You're more likely to overindulge on an exquisite piece of chocolate cake than a bland cup of cottage cheese, right?
Well, there's an emerging science that suggests the way we think about overeating is all wrong. People gorge not necessarily because food is delicious, the theory goes, but because food is flavorless.
"I belong to the minority of researchers who are at odds with the idea that food should be bland, boring, and not satisfactory in order for people not to overeat," declared Per Møller, a researcher at the University of Copenhagen in Denmark.
He's been investigating the science of pleasure and has come to a counterintuitive conclusion. For most people, it seems self-evident that if you eat and drink food that's delicious — or that "has a high sensory quality," as Møller puts it — then you will necessarily eat more than you should. But he and other researchers have been finding the opposite might be true.
In one study published in 2013 in the journal Flavor, Møller fed participants soup that was either very bland or very flavorful (spiced with hot chili) to see which satiated people more quickly.
"We found that when they ate the spicy soup they got satiated faster and they were less hungry at the end," he explained. "So it seems as if sensory satisfaction does not necessarily lead to a larger intake."
Another group of researchers, at Maastricht University in the Netherlands, ran a study in 2009 looking at people's cravings after they ate the same portion size of either cottage cheese or chocolate mousse. They found that their cravings dropped off significantly more after eating the mousse. In other words, the researchers concluded, people were less likely to overeat after they indulged in foods they liked.
Some of Møller's views are less scientific, but interesting nonetheless. As he writes in the Flavor piece:
From a highly unscientific introspection and conversations with friends and colleagues about these matters, it seems that most of us eat far less high quality Parmesan cheese when offered it, than cheap, not so tasty hard cheeses. The same applies to wines and chocolate. Very few people can eat a whole 100g bar of Valrhona chocolate in one go, but easily perform this feat with chocolate of a lesser quality. From a more epidemiological point of view, one would wonder why the obesity problem in France is less severe than in other affluent countries with foods and meals generally of a lower quality than those served in France.
This sounds a lot like a scientist's musings about the book French Women Don't Get Fat. As Møller told Vox, "The implication is that you should spend time preparing your food, and you should use spices and do everything you can to have your food taste good."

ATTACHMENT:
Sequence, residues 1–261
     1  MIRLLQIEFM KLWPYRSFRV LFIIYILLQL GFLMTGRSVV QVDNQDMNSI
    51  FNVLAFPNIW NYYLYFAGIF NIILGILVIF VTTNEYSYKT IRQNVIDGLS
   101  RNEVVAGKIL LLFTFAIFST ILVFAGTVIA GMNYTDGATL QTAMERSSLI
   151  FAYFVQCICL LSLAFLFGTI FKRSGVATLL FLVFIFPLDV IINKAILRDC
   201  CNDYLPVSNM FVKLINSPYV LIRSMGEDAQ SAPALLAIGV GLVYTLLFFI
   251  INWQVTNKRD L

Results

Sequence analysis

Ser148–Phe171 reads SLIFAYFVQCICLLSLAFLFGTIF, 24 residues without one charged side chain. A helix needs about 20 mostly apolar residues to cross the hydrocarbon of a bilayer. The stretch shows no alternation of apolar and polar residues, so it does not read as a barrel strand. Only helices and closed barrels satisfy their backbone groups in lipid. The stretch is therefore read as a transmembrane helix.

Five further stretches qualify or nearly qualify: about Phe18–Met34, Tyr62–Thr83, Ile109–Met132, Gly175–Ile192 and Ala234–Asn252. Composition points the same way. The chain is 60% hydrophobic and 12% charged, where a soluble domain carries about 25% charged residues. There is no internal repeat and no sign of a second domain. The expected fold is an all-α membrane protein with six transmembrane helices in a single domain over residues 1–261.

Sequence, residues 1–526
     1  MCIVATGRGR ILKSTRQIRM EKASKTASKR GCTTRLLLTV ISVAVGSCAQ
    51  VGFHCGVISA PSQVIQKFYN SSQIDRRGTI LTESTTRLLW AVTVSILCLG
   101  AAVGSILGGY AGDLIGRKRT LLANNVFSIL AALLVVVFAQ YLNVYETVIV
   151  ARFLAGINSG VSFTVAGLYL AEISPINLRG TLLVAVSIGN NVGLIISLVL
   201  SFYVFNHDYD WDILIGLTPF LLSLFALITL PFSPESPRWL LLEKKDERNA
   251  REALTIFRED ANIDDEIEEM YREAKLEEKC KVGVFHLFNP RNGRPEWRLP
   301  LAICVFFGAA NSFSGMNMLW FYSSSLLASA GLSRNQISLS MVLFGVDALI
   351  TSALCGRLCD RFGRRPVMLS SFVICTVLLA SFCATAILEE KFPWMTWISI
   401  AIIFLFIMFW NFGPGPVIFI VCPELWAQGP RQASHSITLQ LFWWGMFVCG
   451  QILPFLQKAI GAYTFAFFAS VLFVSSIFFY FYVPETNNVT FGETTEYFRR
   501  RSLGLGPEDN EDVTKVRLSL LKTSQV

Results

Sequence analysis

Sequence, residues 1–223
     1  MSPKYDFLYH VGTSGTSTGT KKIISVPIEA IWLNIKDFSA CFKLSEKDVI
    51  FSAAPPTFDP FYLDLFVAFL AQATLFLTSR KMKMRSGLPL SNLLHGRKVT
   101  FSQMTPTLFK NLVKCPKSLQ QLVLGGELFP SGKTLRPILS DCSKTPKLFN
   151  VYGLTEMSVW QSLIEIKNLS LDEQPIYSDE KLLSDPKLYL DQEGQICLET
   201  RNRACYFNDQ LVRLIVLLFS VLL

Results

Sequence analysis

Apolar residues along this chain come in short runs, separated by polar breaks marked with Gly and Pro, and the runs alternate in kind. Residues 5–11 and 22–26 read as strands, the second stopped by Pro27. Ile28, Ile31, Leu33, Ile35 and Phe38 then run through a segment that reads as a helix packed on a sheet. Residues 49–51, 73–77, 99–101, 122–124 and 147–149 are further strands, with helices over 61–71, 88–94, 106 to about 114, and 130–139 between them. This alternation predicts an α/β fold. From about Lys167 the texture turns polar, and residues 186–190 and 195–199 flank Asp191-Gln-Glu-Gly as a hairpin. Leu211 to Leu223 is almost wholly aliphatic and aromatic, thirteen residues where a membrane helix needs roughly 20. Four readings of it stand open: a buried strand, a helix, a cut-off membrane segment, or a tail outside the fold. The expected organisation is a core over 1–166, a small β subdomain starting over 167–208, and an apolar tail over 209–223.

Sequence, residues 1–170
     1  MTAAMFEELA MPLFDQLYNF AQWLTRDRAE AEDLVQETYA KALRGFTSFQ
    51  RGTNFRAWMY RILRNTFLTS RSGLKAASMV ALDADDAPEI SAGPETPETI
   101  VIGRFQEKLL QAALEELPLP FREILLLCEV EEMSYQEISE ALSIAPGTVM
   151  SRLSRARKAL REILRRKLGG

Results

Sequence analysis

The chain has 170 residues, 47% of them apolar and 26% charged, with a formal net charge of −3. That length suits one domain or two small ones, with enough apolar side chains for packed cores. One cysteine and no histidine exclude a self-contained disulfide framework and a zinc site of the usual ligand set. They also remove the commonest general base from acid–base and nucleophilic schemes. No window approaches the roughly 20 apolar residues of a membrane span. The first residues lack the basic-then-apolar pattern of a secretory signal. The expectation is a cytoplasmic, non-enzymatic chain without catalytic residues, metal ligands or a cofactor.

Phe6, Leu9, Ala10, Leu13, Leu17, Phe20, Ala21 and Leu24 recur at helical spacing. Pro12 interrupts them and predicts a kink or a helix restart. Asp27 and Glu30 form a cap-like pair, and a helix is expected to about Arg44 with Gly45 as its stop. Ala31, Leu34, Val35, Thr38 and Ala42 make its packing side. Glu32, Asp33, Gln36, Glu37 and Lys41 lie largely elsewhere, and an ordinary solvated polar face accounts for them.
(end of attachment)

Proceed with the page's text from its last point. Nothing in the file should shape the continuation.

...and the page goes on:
These findings out of Europe square with other research from the US. Cornell professor Brian Wansink has found that people often overeat flavorless foods but we don't just overdo it on tasty morsels. He also found that environmental cues, like larger plate size and portion size, can cause people to consume more calories. In one study, for example, he fed participants using a "bottomless soup bowl" designed to automatically refill as people were eating. The group with the bottomless bowls ate an average of 73 percent more soup than those eating from a regular bowl. So it's not just about overindulging when something's delicious.
Fred Provenza, of Utah State University, has developed a body of research over several decades that suggests flavor is a hugely important and underappreciated determinant of how and what people eat. From an evolutionary standpoint, Provenza argues, this means we're basically wired to use flavor as a guide for our nutritional needs. His take is that when we eat artificially flavored foods (say, blueberry soda that delivers no nutrients) we trick our bodies and end up overdoing the calories in search of the nutrients these processed foods are missing.
If people ate more wholesome food — rich in both nutrients and flavor, like high-quality vegetables, fruits, and meats — Provenza theorizes, we'd eat fewer calories and crave less junk. (You can read more about Provenza and the importance of flavor in journalist Mark Schatzker's fascinating book, the The Dorito Effect.)
Møller, for his part, also believes problems of overeating could be solved by focusing more on flavor. But first, he said, Americans need to drop the protestant notion that flavorful food should be avoided. "We have been taught that pleasure is not something we should indulge in — that pleasure is bad," he said. Instead, his findings suggest: "We should learn more from the French and Italian cultures — to enjoy food and derive more satisfaction from it."